Student Days at Princeton, 1822
James Waddel Alexander was the eldest son of the Rev. Archibald and Janetta (Waddel) Alexander, and he was born in Louisa county, Virginia on March 13, 1804. The young parents had wed in April of 1802 and a month later relocated to Hampden Sydney, where Rev. Alexander resumed his duties as the President of the College there. When James was about two years old, his father was called to serve as the pastor of the Third Presbyterian Church in Philadelphia. Then another six years later, the family moved for the last time, relocating to Princeton, New Jersey, where in 1812 Archibald Alexander became the first professor at the newly organized Princeton Theological Seminary.
Growing up, James had every encouragement for learning, and while the youngest in his class at college, he made friends easily. Upon graduation from the College of New Jersey, he next entered upon his preparations for ministry at the Seminary, beginning those studies in 1822. By this time, Charles Hodge was already numbered among the faculty, joining Professors Archibald Alexander and Samuel Miller.
For forty years, James Waddel Alexander kept up a correspondence with his friend John Hall (he later became pastor of the Fifth Avenue Presbyterian Church in New York City). Not long after J.W. Alexander died, in 1859, the surviving correspondent gathered up the letters for publication, and the resulting two volume set was issued in 1860 by Charles Scribner of New York. The set has been reprinted at least once in more recent times.
Among the many letters, there is this very interesting look at James as he settled into his time at the Seminary in 1822.
“I said I was happy,—never more so in my life. I enjoy good health, good spirits, and I have a most comfortable room, and a most delightful room mate. I never had so great a variety of excellent company before: Metaphysicians, Wits, Theologians, &c, &c. I have here dearly prized friends, who endear Princeton to me. Books in the greatest abundance, as I have access to six public libraries, as well as my father’s. Our studies are not burdensome, and far from being irksome. I saw a letter the other day from an alumnus of this institution to a member of it, in which he says: “My dear C________, you are now enjoying your happiest days, and whether you realize it now or not, you will feel it deeply when you are cast out upon the world.” These sentiments are not peculiar to this individual, I hear them from every one who has ever been here. Indeed, the greatest cares I experience, are such as arise from an oration to be spoken, or a tedious lecture. Will you not say with Virgil, O fortunati nimium sua si bona norint. I will now proceed to give you some account of my course of life. I rise at half after six. Public prayers in the Oratory at 7. Breakfast at 8. From 9 to 9:30, I devote to bodily exercise. From 9:30 to 12, Study. 12-1, Exercise. Dine at one. 2-3, I usually devote to works of taste, and to composing. 3-4:30 at Lecture. 4:30 Prayers. Until tea, at Exercise. After tea, until 12 (at which time I close my eyes) Societies, study, &c.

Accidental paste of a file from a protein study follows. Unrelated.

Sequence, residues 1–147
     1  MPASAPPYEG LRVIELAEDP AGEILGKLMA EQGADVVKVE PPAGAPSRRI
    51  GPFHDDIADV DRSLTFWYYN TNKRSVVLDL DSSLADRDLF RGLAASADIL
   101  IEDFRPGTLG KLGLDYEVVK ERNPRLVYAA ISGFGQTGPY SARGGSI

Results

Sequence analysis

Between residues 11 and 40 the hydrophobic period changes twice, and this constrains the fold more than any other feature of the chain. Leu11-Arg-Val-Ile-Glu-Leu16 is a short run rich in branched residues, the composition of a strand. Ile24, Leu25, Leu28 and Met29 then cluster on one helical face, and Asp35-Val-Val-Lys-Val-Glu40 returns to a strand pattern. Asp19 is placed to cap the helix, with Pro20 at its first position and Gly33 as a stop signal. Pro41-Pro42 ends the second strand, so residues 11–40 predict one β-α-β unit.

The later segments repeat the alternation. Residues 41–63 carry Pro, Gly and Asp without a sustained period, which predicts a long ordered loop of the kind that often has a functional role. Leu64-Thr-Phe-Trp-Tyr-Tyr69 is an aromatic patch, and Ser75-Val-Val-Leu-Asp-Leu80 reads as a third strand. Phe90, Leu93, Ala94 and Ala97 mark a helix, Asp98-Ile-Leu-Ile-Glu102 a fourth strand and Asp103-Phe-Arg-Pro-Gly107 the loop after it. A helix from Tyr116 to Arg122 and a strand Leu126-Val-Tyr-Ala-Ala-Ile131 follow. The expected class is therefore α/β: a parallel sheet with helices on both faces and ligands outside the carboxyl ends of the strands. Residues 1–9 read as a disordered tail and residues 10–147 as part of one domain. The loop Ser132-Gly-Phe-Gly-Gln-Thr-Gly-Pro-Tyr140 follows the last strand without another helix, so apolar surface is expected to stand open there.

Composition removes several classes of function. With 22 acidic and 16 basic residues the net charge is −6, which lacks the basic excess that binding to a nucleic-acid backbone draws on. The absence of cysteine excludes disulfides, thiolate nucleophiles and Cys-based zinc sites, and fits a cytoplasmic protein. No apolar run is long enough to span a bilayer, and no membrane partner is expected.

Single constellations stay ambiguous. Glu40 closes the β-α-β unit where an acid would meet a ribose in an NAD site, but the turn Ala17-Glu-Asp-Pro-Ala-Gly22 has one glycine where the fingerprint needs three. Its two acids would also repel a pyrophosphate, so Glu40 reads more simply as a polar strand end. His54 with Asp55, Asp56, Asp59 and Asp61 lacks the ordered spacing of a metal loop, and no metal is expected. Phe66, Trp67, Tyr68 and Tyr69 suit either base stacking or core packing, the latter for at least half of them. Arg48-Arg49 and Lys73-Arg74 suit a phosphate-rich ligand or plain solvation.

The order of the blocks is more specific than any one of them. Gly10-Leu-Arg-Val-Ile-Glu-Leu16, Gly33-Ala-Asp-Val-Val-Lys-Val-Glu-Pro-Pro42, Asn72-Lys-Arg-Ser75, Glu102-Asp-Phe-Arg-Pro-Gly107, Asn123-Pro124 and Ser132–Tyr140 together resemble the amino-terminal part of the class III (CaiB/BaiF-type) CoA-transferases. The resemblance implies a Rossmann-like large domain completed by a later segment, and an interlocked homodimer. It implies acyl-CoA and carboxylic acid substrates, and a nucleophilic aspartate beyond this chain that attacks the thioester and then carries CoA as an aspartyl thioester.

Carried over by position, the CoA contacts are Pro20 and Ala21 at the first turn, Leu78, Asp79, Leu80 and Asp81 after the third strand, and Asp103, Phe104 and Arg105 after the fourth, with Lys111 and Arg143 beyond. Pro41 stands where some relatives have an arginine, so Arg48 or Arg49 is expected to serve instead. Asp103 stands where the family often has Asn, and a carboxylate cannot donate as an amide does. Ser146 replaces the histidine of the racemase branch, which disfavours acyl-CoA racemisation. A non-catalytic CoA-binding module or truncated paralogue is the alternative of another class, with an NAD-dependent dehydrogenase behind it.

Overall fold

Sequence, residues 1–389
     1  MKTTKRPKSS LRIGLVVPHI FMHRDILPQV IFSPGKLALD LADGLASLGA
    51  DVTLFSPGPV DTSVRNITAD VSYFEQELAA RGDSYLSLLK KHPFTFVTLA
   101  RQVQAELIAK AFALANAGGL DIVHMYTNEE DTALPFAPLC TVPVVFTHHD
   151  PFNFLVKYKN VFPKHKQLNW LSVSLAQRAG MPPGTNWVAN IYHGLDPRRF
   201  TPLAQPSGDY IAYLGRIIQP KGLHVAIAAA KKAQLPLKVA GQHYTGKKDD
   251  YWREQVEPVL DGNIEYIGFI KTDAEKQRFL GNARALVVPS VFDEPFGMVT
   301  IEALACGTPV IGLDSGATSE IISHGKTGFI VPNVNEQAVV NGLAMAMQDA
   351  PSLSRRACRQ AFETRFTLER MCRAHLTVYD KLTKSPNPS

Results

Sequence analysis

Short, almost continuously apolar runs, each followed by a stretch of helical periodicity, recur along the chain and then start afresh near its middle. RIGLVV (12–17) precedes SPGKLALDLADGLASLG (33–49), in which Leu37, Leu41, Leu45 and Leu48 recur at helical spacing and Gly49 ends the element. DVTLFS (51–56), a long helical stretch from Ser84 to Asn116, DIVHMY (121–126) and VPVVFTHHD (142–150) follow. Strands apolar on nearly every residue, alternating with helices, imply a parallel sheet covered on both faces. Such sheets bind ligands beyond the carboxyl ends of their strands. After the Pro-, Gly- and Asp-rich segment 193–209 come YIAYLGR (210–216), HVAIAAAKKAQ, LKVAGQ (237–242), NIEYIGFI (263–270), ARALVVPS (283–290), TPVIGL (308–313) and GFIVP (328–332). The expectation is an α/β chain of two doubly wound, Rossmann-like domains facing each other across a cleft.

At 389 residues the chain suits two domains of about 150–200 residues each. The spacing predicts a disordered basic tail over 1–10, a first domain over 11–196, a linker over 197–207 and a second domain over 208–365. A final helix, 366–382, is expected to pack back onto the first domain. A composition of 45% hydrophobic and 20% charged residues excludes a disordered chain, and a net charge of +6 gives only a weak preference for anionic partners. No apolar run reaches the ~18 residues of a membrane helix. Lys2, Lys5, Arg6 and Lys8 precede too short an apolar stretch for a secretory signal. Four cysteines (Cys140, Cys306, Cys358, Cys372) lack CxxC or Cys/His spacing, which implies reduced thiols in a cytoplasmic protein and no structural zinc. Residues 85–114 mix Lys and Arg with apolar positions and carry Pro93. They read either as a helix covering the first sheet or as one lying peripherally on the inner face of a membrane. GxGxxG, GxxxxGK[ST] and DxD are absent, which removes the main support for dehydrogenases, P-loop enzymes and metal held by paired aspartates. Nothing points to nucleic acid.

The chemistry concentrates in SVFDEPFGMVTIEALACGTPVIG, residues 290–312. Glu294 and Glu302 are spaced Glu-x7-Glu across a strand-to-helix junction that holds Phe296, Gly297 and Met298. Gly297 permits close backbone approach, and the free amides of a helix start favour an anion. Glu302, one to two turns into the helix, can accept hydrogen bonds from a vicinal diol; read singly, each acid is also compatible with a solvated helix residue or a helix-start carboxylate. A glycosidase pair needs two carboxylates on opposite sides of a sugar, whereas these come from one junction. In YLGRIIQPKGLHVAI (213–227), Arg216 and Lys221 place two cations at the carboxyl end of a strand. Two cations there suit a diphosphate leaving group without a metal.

“Perhaps you think I exercise my body sufficiently. I find it absolutely necessary to my well-being, or almost to my being at all. You may think, too, that I do not study a great deal; true—and moreover that I need not complain of want of time for correspondence; true, at present I need not complain; I have plenty of time for writing, and general reading. At the beginning of the term, before I had fairly got into the harness, our business appeared too much to grasp; but it is now methodized, and I find that I am quite a gentleman of leisure. To proceed: we recite twice in the week on Hebrew, once on Greek, once on the Confession of Faith, once on Biblical History. Hear Lectures once on Theology, (preparatory to the full and regular theological Lectures,) twice on Biblical history, once on the Criticism of the Bible; President, Mr. Hodge. On Tuesday night, the Theological Society, where every student delivers once in six weeks an original oration. On Thursday night, I am at liberty to attend an evening lecture at the college. On Friday night, Theological Society, where questions in ethics and divinity are discussed. On Saturday night, a weekly prayer meeting. On Sunday, we have sermons from our three professors, and Prof. Lindsly, in rotation.” [Philip Lindsly, D.D., was the Vice President of the College of New Jersey at that time.]
Words to Live By:
We all live very busy schedules, but every Christian should spend regular, consistent time in prayer and in the Word of God. This is one reason why we present a daily reading plan in the margin column of this blog. Slowly, a little at a time, you will grow in your understanding of the Scriptures and in your ability to share your faith. Persistence and consistency pay off in their cumulative effect. James Alexander succeeded in his studies because within a short time he had his demanding schedule “methodized,” making an appropriate allowance of time for everything that needed to be done.
“Be diligent to present yourself approved to God as a workman who does not need to be ashamed, accurately handling the word of truth.” (2 Timothy 2:15, NASB)
“but sanctify Christ as Lord in your hearts, always being ready to make a defense to everyone who asks you to give an account for the hope that is in you, yet with gentleness and reverence; (1 Peter 3:15, NASB)
Early this year I read An Able and Faithful Ministry: Samuel Miller and the Pastoral Office, by Jim Garretson. It was a particularly edifying work. As a result, I’m now looking forward with anticipation to reading Garretson’s more recent work, Thoughts on Preaching and Pastoral Ministry: Lessons from the Life and Writings of James W. Alexander, and would encourage our readers to take up and read either of these books. It will be time well spent.